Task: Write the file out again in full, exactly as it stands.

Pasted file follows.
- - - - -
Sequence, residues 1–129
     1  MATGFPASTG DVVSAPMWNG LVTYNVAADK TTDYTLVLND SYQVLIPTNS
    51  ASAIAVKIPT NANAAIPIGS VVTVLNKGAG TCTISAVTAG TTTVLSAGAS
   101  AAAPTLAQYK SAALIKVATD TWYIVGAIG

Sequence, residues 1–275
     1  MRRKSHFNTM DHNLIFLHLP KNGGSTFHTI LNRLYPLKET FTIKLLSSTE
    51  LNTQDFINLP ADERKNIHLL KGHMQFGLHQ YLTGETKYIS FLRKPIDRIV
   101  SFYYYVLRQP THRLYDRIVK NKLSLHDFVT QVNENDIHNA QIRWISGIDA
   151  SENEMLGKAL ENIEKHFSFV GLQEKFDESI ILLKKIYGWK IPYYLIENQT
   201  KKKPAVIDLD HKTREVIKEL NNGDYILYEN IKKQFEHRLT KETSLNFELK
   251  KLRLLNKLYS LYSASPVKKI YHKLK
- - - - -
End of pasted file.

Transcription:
Sequence, residues 1–129
     1  MATGFPASTG DVVSAPMWNG LVTYNVAADK TTDYTLVLND SYQVLIPTNS
    51  ASAIAVKIPT NANAAIPIGS VVTVLNKGAG TCTISAVTAG TTTVLSAGAS
   101  AAAPTLAQYK SAALIKVATD TWYIVGAIG

Sequence, residues 1–275
     1  MRRKSHFNTM DHNLIFLHLP KNGGSTFHTI LNRLYPLKET FTIKLLSSTE
    51  LNTQDFINLP ADERKNIHLL KGHMQFGLHQ YLTGETKYIS FLRKPIDRIV
   101  SFYYYVLRQP THRLYDRIVK NKLSLHDFVT QVNENDIHNA QIRWISGIDA
   151  SENEMLGKAL ENIEKHFSFV GLQEKFDESI ILLKKIYGWK IPYYLIENQT
   201  KKKPAVIDLD HKTREVIKEL NNGDYILYEN IKKQFEHRLT KETSLNFELK
   251  KLRLLNKLYS LYSASPVKKI YHKLK